Toshiyuki Nakasone
1399th Engineer Construction Battalion


As a youth, Toshiyuki works part-time in the sugarcane and pineapple industries. With the higher wages offered by Baldwin Packers, he prefers pineapple cannery work to field work.

At home, he does yard work and helps his mother wash, dry, and fold towels used in the barbershop.

At school, he is active in student government and sports. As basketball champions in the Maui public school league, Toshiyuki and his teammates travel to Lanai and Molokai.

[Supplemental information from Our Nakasone “Roots” in Hawaii. Permission granted by Toshiyuki Nakasone.]

Working at the Sugar Plantation

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We used to work on the plantation on weekends, too. I think when I was about eleven or twelve years old, we used to do on the [Pioneer Mill Company] plantation what we call, ho hana. Ho hana means, you cut the grass.

Palipali was to build all of the lines again because the lines were kind of destroyed when they came in to cut the burnt cane. So we had to go build up the banks, so when they irrigate, the water would stay in the lines.

The sugarcane was all in lines, so we used to do that. We never had hapai ko. Hapai ko was for the older people. They used to cut the cane, then carry it on their shoulders and then put it on the train.

We waited to reach the age of fourteen or fifteen. Because that’s when we can work on the pineapple field and they were paying fifteen cents an hour, which was a big boost from making twenty-five cents a day [in the sugar fields].

Boy, we waited and waited until we can go into the Baldwin Packers [pineapple] cannery, because that’s when they were paying twenty-three cents an hour. We went through all of that and we just anxiously await until we went to Baldwin Packers cannery. Even when I went to the University [of Hawaii], when we came home for the summer, we all went to work at the cannery.

The cannery paid the best at that time. [Pineapple field] was better than the sugar field. The sugar field was the cheapest.

But you know, at least we had a place to find work. It’s like, when you graduate from the elementary school, [Kamehameha III School] was a K-8 school, I would say, maybe 80 percent of us went to high school but the other 20 percent, they work for the [Pioneer Mill Company] plantation and they lived in Lahaina all their life. So they were part of the plantation community, so that’s how it was when we were born and raised and working in the community over there in Lahaina.


I did a lot of the household chores around the house and sometimes I used to tell my kid brother, Nobu, “Eh, when the hell you gonna help me?” Because, he just loved to read. Every chance he get, he was reading something.

So I used to clean. Every day, I used to clean — we had a monkeypod tree on the right and left side of the house. And you know the monkeypod tree, the beans, when they dried, every day we had to go and clean that up. My father used to like plants. We used to water and take care of the plants, too.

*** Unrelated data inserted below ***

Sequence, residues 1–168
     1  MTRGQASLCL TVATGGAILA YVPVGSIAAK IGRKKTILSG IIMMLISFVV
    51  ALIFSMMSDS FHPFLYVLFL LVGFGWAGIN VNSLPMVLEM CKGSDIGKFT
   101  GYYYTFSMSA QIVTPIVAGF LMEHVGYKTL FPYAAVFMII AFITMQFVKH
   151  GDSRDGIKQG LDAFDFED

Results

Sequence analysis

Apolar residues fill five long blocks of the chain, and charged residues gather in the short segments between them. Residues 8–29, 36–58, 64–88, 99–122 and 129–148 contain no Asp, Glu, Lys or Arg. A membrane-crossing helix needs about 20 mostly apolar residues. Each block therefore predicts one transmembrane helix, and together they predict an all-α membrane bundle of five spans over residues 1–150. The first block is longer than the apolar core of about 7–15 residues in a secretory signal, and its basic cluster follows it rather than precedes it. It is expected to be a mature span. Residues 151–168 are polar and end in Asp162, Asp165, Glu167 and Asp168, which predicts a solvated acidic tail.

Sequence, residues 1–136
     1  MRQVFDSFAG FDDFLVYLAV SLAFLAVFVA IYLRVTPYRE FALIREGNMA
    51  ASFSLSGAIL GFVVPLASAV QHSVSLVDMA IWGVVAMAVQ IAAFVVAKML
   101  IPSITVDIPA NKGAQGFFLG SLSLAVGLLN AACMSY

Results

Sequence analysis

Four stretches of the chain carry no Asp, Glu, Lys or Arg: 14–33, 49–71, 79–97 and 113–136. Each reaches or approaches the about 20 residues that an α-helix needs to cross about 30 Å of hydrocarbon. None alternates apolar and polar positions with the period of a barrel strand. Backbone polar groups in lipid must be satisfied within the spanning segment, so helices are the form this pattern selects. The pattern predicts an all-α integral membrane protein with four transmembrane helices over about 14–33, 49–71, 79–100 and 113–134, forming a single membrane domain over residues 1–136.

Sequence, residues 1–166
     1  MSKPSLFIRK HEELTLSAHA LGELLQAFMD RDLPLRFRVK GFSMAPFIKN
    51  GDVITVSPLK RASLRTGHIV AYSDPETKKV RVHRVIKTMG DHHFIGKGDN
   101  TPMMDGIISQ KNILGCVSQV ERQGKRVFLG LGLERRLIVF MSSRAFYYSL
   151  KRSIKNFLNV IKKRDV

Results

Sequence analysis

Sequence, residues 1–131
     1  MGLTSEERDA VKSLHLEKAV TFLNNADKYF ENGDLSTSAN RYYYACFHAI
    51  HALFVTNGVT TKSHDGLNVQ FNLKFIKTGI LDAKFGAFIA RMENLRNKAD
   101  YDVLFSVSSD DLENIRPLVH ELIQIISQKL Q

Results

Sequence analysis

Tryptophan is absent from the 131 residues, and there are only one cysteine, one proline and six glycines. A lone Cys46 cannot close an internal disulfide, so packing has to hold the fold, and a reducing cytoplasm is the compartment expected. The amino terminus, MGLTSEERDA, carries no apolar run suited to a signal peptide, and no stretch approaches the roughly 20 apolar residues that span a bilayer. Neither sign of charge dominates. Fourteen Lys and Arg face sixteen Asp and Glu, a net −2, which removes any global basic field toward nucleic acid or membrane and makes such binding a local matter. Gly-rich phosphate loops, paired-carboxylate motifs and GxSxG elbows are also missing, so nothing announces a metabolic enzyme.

My mother would wash the barbershop towels on a wooden scrub board, rinse and hang them up to dry. I helped her frequently with the washing, but mostly took down the dried towels, folded and placed them in the shop.

I was assigned daily, to pick up a block of ice (20 lbs.) and two bottles of milk, which were placed on the sidewalk fronting our shop. The ice was placed in the ice box (no refrigerators). The water from the melted ice from the previous day was collected in a large pan and was supposed to be emptied daily. I forgot to do so one day and the kitchen floor flooded! When I came home from school, I was softly told not to forget – not scolded . . . I never again forgot.

My father was active in the community. He was treasurer for the Japanese-language school and he was also very active with the Methodist church. In fact, he was one of the designated preachers or something.

So every Saturday, I used to go and clean the church. And every Sunday morning, I used to go early, open up the church and take all the potted plants and take them in the church for the service. When the services were completed, then I would take all the plants out and take it back to the minister’s house. So that was my job until I graduated from Lahainaluna [High School].


We were active in student government and athletics because my father used to be a good tennis player. So, every Sunday morning, my father, my older brother, Nobu and me, would go and play tennis at the park.

We would go about 5:30 in the morning and we’d come back about 7:00 or thereabouts, to get ready to go to church. My older brother, who is eighty-eight, eight-nine, he still plays tennis. And Nobu was a Maui Junior Tennis champ when he was at Kam[ehameha] III [School].

We were very active in tennis. But I wasn’t as good as him or my older brother. I really don’t know [when I started playing tennis] but I know it was in elementary school.